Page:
When is a spider an insect? An arachnologist would tell you never. But, as a recent court case in America reveals, a spider is an insect when the powers that be bloody well tell you it’s an insect. Can’t argue with that.
Well, actually, we can. Just in case you need a refresher, spiders sit firmly within the arachnid class alongside mites, ticks and harvestman to name a few. Both insects and arachnids are arthropods, but they’re separated most notably by the difference in leg count – six and eight respectively. Despite this simple to grasp distinction, last month, the United States Court of Appeal for the 11th district rejected an appeal on the grounds that, so far as they’re concerned, spiders are insects.
The unusual stance in the face of science came about following a disagreement between a couple in Alabama and an insurance company about an infestation of brown recluse spiders. Under their agreement, the insurance company was not responsible for compensating the couple for financial loss due to “birds, vermin, rodents or insects”. Spotting an obvious loophole, the couple refuted the decision making the fine and valid point that, as arachnids, brown recluses do not fit under any of these categories and should therefore be covered by their insurance. Clearly they'd played insect-arachnidy before.
But the couple, who were evidently more clued up on matters of entomology than the jurisdiction of the 11th Circuit, viz., Alabama, Florida, and Georgia didn’t just lose their initial lawsuit but also their appeal, demonstrating that, so far as the legal system is concerned, spiders are in fact insects.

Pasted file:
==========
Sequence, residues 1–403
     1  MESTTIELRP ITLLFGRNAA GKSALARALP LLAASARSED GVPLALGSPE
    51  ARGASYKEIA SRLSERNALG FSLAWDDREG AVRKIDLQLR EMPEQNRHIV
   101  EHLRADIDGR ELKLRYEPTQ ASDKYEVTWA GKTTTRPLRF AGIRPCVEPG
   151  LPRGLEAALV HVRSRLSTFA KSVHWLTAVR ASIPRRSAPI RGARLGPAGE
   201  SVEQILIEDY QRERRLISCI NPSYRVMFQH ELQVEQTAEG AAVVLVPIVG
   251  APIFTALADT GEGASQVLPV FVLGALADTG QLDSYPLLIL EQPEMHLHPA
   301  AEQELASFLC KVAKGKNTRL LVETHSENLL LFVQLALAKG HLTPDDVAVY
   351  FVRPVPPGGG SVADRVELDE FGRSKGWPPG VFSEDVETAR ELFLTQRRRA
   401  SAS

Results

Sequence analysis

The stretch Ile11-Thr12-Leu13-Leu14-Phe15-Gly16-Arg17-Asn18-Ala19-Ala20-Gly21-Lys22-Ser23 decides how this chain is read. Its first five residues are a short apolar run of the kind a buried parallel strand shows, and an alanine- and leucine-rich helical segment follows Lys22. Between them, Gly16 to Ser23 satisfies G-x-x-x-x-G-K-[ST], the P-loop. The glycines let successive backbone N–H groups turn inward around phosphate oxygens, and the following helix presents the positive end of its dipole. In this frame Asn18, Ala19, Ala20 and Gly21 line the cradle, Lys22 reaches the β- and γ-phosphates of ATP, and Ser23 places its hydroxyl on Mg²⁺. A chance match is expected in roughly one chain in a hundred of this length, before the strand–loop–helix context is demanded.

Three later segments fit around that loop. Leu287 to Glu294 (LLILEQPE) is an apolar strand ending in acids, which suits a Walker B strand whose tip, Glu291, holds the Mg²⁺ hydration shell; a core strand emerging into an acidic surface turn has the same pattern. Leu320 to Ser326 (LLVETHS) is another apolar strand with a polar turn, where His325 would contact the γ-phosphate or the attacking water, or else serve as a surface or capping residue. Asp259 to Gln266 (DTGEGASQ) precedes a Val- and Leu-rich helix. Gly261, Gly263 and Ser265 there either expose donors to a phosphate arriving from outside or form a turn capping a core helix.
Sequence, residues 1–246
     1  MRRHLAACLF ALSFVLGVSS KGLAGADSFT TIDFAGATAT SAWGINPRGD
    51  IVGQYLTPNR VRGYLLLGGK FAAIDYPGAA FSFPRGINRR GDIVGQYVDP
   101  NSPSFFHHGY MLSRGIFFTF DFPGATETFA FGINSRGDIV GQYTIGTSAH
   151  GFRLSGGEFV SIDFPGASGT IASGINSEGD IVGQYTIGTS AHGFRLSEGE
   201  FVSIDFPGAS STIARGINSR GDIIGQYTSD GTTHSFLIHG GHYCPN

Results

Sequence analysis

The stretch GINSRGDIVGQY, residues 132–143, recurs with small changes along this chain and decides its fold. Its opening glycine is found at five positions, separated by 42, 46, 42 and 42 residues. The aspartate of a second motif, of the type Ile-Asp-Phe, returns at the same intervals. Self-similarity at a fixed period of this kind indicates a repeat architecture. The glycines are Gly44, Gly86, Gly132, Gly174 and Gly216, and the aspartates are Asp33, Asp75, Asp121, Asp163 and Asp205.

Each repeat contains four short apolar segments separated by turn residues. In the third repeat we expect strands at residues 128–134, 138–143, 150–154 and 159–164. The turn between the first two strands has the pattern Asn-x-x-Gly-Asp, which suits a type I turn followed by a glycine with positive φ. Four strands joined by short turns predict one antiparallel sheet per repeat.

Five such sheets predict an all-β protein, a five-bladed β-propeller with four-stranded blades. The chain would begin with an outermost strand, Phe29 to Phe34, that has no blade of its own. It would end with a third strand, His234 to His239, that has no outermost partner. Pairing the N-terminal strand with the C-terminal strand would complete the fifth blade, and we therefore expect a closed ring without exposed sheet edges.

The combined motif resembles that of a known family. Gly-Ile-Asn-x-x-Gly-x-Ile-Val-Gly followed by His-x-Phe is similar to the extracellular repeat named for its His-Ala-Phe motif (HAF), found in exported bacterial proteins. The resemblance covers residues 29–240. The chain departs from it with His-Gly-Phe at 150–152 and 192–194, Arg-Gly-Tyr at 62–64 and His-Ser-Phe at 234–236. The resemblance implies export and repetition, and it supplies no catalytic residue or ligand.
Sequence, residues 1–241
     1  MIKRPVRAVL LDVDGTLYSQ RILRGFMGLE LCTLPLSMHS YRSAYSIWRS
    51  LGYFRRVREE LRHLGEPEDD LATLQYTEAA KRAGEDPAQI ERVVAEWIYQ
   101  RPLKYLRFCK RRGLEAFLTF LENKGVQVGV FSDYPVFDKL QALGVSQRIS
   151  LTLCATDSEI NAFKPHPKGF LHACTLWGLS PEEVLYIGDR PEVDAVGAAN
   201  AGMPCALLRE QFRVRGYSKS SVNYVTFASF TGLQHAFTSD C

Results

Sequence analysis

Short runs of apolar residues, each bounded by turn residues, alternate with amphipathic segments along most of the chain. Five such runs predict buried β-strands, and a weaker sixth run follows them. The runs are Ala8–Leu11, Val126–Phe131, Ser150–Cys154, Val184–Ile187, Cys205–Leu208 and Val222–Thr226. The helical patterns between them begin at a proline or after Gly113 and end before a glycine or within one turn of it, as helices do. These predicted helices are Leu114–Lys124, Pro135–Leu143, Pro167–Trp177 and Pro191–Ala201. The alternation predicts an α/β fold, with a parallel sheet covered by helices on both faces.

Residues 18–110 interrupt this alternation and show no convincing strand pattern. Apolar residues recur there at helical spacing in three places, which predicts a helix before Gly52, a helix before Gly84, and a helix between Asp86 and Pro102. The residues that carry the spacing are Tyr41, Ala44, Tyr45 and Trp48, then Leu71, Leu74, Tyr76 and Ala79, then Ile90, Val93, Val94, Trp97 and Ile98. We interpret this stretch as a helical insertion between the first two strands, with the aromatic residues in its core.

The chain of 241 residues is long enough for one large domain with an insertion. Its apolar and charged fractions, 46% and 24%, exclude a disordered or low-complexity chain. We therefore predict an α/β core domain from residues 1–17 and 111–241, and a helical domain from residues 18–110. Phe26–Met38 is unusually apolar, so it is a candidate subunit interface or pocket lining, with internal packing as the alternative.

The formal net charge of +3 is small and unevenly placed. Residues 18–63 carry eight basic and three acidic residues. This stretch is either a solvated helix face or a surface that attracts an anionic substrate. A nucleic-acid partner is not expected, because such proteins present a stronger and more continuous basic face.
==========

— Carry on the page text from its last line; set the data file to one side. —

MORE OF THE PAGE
Before you go rewriting the textbooks, the original court documents reveal how the classification argument came to fail. It reads that insurance companies must adhere to their policies “according to their ordinary meaning”, which essentially translates to, “what the average person would understand them to mean”. It doesn’t require a need for technical accuracy or specific jargon.
One argument they put forward is that the clause also excludes vermin, which according to the Merriam-Webster definition are “small, common, harmful or objectionable animals (as lice or fleas) that are difficult to control”. I personally don’t consider brown recluses to be harmful or objectionable, but they are undeniably small, common, and – not that I’ve tested this theory – presumably don’t obey basic commands.
The semantic straw clutching raged on from there, as the court went back to arguing that a spider could also be classed as an insect. They began citing endless dictionary definitions in which spiders are mentioned in the more vague, secondary definitions of the word "insect", claiming this clearly indicates that most people think the two are the same.
If new-ish books filled with words aren’t enough to convince you, the court then whipped out some literature from the 17th century to really bring it home as they point out that the first use of “insect” in the 1601 translation of Pliny’s Natural History also includes spiders. It’s as if words inscribed on paper can never be revised or amended. Fair enough, I can’t think of any instances in history where that’s tripped us up.
So, the couple lost both their lawsuit and appeal and I must say I’m hard pushed to agree with the court’s decision. Maybe I’m a nerd, maybe I'm pedantic, or maybe I just think if you’ve woken up to find your home’s been seized by an army of brown recluses that a little compensation would be nice. There’s been much debate surrounding brown recluses on the Internet, mostly in the meme format of “iS tHiS a BrOwN rEcLuSe?” next to a blurry image of just about anything, which I suppose supports the court’s decision not to waste time on speciation specifics. So I guess, in answer to the philosophical debate that underpins this entire saga: when is a spider an insect? When it’s a “brown recluse”.
[H/T: Scientist Sees Squirrel]